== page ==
Standard mode offers plenty of light for hanging about in the camp  © Dan Bailey
Standard mode offers plenty of light for hanging about in the camp
© Dan Bailey

The on/off switch is quite hard to operate with gloves, but on the plus side it's relatively hard to nudge on by mistake. To help guard against this, the head can also be turned to leave the switch covered.


With an inbuilt battery, the only way to get juice into the BINDI is to charge it via a micro USB port. This may not be quite as instant as being able to buy a new battery in the shops, but it does mean you can charge the torch at the desk, off the mains, in the car, or off another device or power pack in the field.

Desktop charging via micro USB  © Dan Bailey
Desktop charging via micro USB
© Dan Bailey

The 680 mAh lithium-ion battery takes about 4 hours to charge from empty. An indicator light is supposed to flash red when charging and green when full; my review model's doesn't, but it still charges up OK.

Wearing it

The strap is a simple elastic cord with an adjustment toggle at the back, while the head mount is slightly curved to fit nicely on your forehead. The strap adjusts instantly to any size of head, and the whole thing sits snugly and comfortably. With its ulta-low weight and its effective strap, the torch holds completely still on your head: run, climb or bob your head about like a loon - the BINDI remains securely in place with no hint of a wobble. Petzl seem to be marketing the torch as some sort of urban night running accessory, and it certainly fits well enough for running. Fixing it to a helmet is quick and easy too.

Fitted it to my helmet before it got dark - always a good idea  © Dan Bailey
Fitted it to my helmet before it got dark - always a good idea
© Dan Bailey

Other features

Its pivoting head mount is a great feature of the BINDI. With a full 360 degree rotation, you can: tilt the torch up or down without getting a crick in the neck; stand it on a table or tent floor for close-quarters directional lighting; or turn it into the locked position where the on/off switch is covered.

The torch unit is weathertight, if not absolutely waterproof, so it should be usable in the rain with no worries. The narrow headband cord also makes the BINDI easier to hang inside a tent than a typical headtorch strap.

Its cord headband is easily hung in a tent  © Dan Bailey
Its cord headband is easily hung in a tent
© Dan Bailey


Lightweight, robust and well fitting, the BINDI is a mini marvel. With surprising power and battery life for its tiny size, this is more than just a packable emergency backup light - it's a genuinely useful headtorch in its own right. The minimalist strap and pivoting head are great features too. From crags to hills, camping to travel, at only 35g there's no reason not to have it on you all the time. Any criticisms? A slightly more focused, longer range beam might have been better than the extremely wide floodlight. Aside from that, the only thing that may raise an eyebrow is the price: if this is your secondary torch (for mountain use you definitely still need a big one too) then £50 seems quite a lot. Try shopping around.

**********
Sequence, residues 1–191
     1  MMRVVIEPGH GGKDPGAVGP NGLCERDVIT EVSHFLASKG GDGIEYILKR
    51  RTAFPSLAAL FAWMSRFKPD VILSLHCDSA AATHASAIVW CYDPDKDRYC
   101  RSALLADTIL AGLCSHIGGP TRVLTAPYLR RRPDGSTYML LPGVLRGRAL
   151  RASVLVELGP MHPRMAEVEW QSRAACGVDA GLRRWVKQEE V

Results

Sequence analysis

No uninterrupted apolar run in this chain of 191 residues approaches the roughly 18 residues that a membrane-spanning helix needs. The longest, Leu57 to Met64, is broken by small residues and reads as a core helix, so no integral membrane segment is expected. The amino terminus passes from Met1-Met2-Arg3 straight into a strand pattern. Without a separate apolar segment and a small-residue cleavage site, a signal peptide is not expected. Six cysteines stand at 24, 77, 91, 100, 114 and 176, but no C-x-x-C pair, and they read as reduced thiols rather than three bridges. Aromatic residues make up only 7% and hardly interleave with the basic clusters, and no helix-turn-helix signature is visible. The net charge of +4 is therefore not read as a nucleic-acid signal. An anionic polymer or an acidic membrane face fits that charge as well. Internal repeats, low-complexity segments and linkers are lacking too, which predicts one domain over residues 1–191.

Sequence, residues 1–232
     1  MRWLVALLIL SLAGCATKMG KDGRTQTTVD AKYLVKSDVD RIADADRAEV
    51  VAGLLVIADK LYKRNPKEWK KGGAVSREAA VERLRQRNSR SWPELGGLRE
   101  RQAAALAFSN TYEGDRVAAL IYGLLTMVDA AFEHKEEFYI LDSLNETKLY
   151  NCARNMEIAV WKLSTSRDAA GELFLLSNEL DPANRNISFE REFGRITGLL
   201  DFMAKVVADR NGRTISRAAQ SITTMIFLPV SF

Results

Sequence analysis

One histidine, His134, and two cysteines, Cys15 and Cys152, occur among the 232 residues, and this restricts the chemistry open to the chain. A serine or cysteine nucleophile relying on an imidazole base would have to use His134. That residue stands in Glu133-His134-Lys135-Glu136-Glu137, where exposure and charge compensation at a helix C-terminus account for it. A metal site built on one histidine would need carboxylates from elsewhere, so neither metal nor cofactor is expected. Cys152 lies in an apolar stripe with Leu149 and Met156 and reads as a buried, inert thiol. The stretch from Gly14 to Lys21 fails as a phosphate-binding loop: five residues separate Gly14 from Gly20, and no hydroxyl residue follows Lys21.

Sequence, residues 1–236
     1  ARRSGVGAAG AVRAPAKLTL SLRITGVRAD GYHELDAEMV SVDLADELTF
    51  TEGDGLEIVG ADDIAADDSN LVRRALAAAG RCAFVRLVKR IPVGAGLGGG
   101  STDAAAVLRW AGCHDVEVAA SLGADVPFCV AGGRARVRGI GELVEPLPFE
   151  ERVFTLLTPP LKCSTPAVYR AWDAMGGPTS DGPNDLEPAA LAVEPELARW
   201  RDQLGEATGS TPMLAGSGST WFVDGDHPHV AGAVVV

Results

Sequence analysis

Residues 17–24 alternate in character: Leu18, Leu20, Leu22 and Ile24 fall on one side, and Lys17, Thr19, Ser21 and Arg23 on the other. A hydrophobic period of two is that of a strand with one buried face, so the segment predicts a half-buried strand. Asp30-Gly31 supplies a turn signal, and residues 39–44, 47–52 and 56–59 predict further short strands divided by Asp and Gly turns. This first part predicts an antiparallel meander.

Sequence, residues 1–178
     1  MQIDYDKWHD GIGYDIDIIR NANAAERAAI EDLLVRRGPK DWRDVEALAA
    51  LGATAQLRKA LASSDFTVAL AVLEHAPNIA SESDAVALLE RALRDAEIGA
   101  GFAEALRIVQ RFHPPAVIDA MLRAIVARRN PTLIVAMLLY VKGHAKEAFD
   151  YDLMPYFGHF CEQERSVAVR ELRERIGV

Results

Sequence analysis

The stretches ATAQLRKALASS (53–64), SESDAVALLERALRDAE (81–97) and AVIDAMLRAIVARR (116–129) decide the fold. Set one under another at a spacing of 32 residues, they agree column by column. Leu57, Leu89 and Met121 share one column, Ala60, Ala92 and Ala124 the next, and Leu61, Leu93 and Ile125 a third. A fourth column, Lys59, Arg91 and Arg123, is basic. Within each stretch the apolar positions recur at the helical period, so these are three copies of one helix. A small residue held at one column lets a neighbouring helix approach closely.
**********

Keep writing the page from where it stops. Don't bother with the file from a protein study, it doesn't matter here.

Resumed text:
Petzl say:

The BINDI head torch is a new departure for Petzl. It's very compact and weighs just 35g, yet it's powerful at 200 lumens. The design rotates on its mount so you can tilt it upward when it is worn around the neck for example, and it reverses into a locked position to avoid accidentally turning it on. There are three lighting power modes: proximity, movement and distance vision, with red lighting to preserve night vision. The BINDI has a rechargeable internal battery, charged via a micro USB port. Perfect for urban and trail runners, sailing, backpacking, climbing; just about anything really…

  • Weight: 35 g
  • Light output: 200 lumens
  • Beam pattern: flood
  • Charges via micro USB port
  • 680 mAh rechargeable battery
  • 3 modes: proximity, movement and distance
  • Red lighting preserves night vision and keeps from blinding others during group activities
  • Two lock functions to avoid accidentally turning it on
  • Headlamp can be tilted upward for seeing ahead when it is worn around the neck
  • Watertightness: IP X4 (weather resistant)

For more info see

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16 Jun, 2018

Any idea on how long it will hold charge if just charged, lobbed in the bag and then left for emergencies (which is what my E-lite does).